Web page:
Commerce Chenango Chronicles: EASTEC Show Brings Human Ingenuity and Manufacturing Brilliance Together

Written by Steven Palmatier, Workforce & Industrial Development Liaison

Two weeks ago Norwich Aero employees and I spent three days in West Springfield Massachusetts at the EASTEC trade show, which was organized by the Society of Manufacturing Engineers (they are probably best known outside of manufacturing circles for organizing the FIRST Robotics programs). Held every other year, this is the largest event on the East Coast devoted to manufacturing, with an emphasis on machining, fabrication and inspection.

Arriving at the Eastern States Exposition Center, the site of the show, I registered as a vendor and found our location among the 350 other vendors in building three. I had an hour after I had set up our booth to walk through the five buildings that were being used for the show. Buildings one and two where most of the large machine tools were on display were even more chaotic than ours. Large CNC lathes and milling machines were still in their shipping crates on the floor and many of the booths had 30 or 40 people working to get them up and running. The next morning I arrived on site at 7:30 a.m., grabbed a cup of coffee, and headed for building three wondering what I would find. Aisles that had been bare concrete when I left were now carpeted and everything was in place. The show was ready to begin!



At 9:00 a.m. the doors opened and people started to walk through the buildings, and by 10:00 a.m. there were people filing in continuously. When I was not talking with someone, I was scanning the badges on people passing by looking for engineers and executives from aerospace and medical device companies that I could engage in a conversation about the Norwich Aero opportunity.

The sight of Paul Erwin and Ron Charles from Norwich Aero at around noon that day was a welcome respite. I would bet that over the three days of the show we engaged in conversations with well over 2,500 people and handed out more than 350 flyers on the building along with other material on Chenango County.

I also took some time to visit other booths where I knew I would find some industry contacts. Most were surprised to see me there and even more surprised by what we were trying to do. Several of them took flyers and offered to talk to their customers about the Norwich Aero building and the workforce that we were trying to market.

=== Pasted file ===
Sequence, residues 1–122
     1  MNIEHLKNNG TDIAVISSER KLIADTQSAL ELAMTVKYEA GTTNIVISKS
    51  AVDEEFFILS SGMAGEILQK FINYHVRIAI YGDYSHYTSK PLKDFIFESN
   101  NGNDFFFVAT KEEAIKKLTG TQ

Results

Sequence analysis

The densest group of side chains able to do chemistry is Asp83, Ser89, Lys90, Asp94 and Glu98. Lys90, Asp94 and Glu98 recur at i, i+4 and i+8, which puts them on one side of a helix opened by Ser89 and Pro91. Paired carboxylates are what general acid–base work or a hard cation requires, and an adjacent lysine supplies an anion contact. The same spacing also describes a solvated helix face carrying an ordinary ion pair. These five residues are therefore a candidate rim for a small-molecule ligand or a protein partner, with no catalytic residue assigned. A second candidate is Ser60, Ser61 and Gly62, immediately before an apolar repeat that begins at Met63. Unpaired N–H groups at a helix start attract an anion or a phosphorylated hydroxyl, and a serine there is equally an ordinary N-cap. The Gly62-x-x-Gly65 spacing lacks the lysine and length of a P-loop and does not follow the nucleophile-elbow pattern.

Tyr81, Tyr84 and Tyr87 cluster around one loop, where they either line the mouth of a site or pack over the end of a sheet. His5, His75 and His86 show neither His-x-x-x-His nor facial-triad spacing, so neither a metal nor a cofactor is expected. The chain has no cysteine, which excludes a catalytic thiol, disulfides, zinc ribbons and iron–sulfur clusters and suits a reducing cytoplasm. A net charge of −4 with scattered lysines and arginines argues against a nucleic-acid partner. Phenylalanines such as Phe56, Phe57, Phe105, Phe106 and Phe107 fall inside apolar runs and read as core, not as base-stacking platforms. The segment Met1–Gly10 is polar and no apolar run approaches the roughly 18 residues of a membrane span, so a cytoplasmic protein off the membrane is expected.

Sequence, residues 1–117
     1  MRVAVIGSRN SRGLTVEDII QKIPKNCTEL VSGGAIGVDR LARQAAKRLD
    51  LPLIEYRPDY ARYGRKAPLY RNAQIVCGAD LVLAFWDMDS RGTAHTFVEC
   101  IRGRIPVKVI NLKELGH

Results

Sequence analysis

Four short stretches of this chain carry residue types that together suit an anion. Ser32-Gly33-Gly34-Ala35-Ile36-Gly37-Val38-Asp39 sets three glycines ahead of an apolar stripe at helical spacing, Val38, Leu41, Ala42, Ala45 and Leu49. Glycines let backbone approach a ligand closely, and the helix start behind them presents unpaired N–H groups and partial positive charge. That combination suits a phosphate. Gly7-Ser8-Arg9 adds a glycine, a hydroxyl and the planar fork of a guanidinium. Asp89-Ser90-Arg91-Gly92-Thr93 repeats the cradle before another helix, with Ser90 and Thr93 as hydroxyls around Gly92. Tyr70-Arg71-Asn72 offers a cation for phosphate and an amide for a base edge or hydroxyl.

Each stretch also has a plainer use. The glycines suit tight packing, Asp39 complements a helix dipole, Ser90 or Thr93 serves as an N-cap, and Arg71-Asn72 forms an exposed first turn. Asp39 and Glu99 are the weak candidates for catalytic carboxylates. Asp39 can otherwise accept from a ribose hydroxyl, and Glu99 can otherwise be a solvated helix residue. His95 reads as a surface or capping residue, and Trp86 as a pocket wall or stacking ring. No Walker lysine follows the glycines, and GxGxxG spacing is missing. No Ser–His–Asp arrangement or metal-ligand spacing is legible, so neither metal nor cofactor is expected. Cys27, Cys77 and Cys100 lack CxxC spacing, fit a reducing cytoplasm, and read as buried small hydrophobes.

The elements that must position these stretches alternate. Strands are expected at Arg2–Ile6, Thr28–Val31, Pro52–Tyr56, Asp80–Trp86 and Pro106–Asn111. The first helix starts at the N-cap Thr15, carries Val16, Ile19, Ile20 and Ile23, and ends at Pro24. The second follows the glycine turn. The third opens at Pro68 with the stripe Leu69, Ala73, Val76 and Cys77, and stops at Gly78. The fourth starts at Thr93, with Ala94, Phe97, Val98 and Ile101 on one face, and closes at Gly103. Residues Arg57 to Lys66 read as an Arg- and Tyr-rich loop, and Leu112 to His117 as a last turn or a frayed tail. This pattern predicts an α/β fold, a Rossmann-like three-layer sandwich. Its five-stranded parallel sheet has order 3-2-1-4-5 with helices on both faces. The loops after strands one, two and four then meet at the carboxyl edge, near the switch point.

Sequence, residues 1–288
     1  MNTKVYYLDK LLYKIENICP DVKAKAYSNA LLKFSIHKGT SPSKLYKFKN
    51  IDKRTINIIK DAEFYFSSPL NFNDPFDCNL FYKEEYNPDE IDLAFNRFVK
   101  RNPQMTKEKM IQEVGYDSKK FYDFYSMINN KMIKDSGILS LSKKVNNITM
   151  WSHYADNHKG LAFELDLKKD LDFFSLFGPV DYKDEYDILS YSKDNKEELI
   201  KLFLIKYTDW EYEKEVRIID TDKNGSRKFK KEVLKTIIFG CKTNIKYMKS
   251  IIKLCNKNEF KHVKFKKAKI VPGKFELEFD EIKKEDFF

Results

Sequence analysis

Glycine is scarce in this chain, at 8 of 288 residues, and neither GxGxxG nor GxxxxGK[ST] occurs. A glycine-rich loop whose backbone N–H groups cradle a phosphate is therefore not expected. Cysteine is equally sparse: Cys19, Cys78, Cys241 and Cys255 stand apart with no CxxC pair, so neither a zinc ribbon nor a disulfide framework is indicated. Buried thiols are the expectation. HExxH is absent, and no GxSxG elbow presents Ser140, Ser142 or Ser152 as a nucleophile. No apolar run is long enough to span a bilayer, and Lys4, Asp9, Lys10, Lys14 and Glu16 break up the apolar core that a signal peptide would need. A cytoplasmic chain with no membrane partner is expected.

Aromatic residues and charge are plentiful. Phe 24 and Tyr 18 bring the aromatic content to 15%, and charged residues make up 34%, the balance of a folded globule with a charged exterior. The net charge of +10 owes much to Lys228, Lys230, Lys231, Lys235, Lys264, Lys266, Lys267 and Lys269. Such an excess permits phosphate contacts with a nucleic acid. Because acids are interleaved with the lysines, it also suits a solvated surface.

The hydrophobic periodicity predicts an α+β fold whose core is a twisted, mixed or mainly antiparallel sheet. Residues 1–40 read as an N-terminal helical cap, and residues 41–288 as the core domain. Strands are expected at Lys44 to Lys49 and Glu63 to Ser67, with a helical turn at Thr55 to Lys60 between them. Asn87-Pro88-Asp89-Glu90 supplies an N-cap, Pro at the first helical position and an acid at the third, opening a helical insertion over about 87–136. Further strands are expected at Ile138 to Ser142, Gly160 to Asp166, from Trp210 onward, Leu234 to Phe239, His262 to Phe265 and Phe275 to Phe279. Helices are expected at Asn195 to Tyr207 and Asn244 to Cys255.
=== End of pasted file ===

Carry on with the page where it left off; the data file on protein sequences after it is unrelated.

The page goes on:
So what are the results of this effort so far as of last Friday?

We have been contacted by people wanting more information on the County and Norwich Aero building and workforce. One company from Syracuse was interested in the employees and wanted to do a job fair at the plant in Norwich, although I feel that this is not the best for our community at this time. One person has contacted us with 2 patented products that he would like to develop and bring to market. Both have commercial potential and I am working with them to see how we can bring manufacturing to Chenango and Norwich Aero. One individual who I met at the show is from Chenango County and has a commercial process that has been developed within a large local plant but they donít want to commercialize themselves. Commerce Chenango is willing to work with him to create a business plan and launch the business here.

I spoke with a Sikorsky Aircraft engineer that was at the show who has concerns about some of their vendors keeping up with future production needs of the company. He will pass on our information to his purchasing department and ask them to give it to suppliers who might be able to make use of the Norwich Aero plant. He also gave me the names of a few companies he thought I should touch base with and I will follow up on these leads over the next several weeks.

We also have leads from the show ranging from investment and venture capital firms to manufacturers. Over the next few weeks each one will receive a letter from Commerce Chenango with an invitation to visit the 50oharadrive.com website. These letters will be followed up by a phone call from me.

This was a unique effort that we made, and I think a valuable one that will ultimately strengthen the economy of Chenango County.

Finally, I would like to thank some of the people from Chenango County that I saw at the show. Tiger Smith, the Darlings from Bainbridge, Doug Sands from Greene and others stopped by booth. Thank you to all of them for keeping manufacturing alive and well in Chenango County.

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